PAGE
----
Wednesday, June 22, 2005

Journalists and Javert

As I spent several months last year (with breaks) reading Victor Hugo’s epic Les Miserables, the character who left me most puzzled was the infamous Inspector Javert. His decades-long pursuit of Jean Valjean is so well known that his name is used by writers today to illustrate someone who will ruthlessly do whatever it takes to close a case and nab a suspect or anything that might parallel that.

But as I read the end of Les Mis, my heart softened toward the stony inspector. He is definitely an antagonist in the tale. Jean Valjean is a goodhearted peasant who only stole a single loaf of bread so he could feed his widowed sister and her children. He did escape from prison, but only after he had been there for years for a punishment that was not appropriate for the crime. But as Valjean tries to build a new life for himself, lay low, protect the innocent Cosette and give freely to the poor and otherwise disenfranchised, Javert is somehow always there and his singular goal of capturing Valjean is almost frightening.

SPOILER ALERT: But then, when Javert finally has Valjean, he lets him go. Not only that, but Javert’s inner battle between what he thinks must be his allegiance to the state and the police force and his own years of searching for Valjean on the one hand and the understanding that Valjean is a good man who made a rather minor mistake in life and has paid unceasingly for it on the other drives him mad. So mad that he commits suicide.

You have to feel compassion for Javert in a way. After all, Valjean was a criminal and Javert a police officer. In the beginning – in fact through most of the tale – he was simply doing his job. Valjean did escape from prison (several times) and if it hadn’t been for the good bishop, could have committed more heinous crimes. Javert must have thought he was just doing his duty and, in many ways, he was. But he had no compassion for Valjean, no recognition that he had repented of his sins and was spending the rest of his life trying to repay God and society for them. That lack of compassion, lack of recognition of other people’s humanity was Javert’s downfall. Once he realized the possible injustice of his long hunt for Valjean, he had invested so much of himself in it that the only response he felt he could make was suicide.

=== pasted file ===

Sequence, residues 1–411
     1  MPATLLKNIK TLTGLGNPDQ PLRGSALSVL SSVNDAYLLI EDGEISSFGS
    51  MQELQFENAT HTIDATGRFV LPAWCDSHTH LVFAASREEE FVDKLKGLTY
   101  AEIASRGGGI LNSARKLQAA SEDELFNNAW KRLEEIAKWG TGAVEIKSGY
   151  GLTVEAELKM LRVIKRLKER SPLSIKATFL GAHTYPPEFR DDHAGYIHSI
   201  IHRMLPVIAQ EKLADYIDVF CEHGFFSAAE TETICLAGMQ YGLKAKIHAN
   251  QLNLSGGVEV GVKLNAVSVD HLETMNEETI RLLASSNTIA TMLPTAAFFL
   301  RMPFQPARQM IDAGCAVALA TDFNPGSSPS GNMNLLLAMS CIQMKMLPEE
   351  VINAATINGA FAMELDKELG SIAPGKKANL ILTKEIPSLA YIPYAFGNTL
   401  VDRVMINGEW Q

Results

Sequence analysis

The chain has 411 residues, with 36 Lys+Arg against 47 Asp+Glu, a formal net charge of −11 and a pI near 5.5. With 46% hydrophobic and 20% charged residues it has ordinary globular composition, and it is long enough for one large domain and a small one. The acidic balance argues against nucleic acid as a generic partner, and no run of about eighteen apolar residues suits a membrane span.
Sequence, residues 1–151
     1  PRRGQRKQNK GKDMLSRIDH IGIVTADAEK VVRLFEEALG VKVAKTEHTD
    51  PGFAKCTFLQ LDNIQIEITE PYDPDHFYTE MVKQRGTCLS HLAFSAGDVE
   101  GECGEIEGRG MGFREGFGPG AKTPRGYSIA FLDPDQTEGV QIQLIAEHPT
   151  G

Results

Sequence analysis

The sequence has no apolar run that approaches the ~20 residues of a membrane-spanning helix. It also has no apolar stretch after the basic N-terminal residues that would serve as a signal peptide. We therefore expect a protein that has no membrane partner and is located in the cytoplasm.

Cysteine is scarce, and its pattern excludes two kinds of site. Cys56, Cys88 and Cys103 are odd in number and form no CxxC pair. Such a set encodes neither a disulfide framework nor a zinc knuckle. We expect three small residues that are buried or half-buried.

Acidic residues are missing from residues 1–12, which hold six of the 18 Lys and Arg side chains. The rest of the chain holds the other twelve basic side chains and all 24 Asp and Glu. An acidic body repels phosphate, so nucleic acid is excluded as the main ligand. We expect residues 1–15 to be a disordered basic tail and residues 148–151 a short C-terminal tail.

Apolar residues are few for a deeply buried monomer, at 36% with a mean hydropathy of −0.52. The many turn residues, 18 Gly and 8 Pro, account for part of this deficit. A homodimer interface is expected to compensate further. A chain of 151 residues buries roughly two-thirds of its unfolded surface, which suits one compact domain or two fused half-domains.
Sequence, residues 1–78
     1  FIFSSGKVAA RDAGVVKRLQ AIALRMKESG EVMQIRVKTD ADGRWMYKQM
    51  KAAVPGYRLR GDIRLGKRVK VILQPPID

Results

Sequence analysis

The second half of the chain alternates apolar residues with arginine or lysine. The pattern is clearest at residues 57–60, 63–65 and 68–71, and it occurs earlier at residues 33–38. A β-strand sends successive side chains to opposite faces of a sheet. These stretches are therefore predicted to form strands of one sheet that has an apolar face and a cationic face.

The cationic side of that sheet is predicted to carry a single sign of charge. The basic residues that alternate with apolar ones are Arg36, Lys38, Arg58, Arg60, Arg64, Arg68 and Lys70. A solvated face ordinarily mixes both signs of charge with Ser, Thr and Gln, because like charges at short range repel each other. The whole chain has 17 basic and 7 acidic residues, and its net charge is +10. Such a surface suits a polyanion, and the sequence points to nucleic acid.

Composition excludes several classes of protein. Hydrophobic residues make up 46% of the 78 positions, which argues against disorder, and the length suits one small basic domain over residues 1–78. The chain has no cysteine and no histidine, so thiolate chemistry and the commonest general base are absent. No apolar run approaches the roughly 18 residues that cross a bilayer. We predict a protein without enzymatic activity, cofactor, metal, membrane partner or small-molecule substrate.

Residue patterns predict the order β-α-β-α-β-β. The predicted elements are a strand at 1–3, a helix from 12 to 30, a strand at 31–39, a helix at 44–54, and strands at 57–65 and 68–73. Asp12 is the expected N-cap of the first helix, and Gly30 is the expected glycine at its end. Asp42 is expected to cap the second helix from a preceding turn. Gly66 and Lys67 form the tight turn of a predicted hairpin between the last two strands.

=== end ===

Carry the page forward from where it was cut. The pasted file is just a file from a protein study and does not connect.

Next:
In many ways, I believe some of today’s journalists are like this. When big stories or scandals come out, they are at the most basic level just doing their job in reporting and writing them. No one can blame them for that. Most journalists I know and read have a strong dedication to their publication, to the public and to the nation in general. They believe (and the Constitution supports them in this) that a free press is essential to a healthy democracy. They value the role they play in that free press. But sometimes they get carried away. They lose focus. They invest so much of themselves in their jobs that they forget to put things in perspective and look at the big picture. They lose compassion for the subjects about whom they are reporting and writing and, in turn, lose compassion for the readers who trust them.

I don’t believe this is the cause of some of the more explosive journalism scandals of late – like Jayson Blair and Jack Kelley. Those two men in particular had a lot of personal problems that contributed to their professional and personal demise. But I do think this plays a part in misdirection of reporting, writing and editing and an unhealthy focus on certain aspects of the news. And not all journalists do this. But the few respected and experienced ones who do can create a culture in the newsroom that supports it. How do we eliminate it? I’m not sure. I think a lot of the blame lies with the pressure journalists feel to marry themselves to the newsroom and to lose themselves in their jobs. To stop that requires a whole rethinking of American journalism’s collective thought. But the answer that will not solve the problem is to dismiss journalism and journalists entirely. Most of them do a great job. It is only by recognizing both their faults AND their talents and accomplishments that things will change for the better.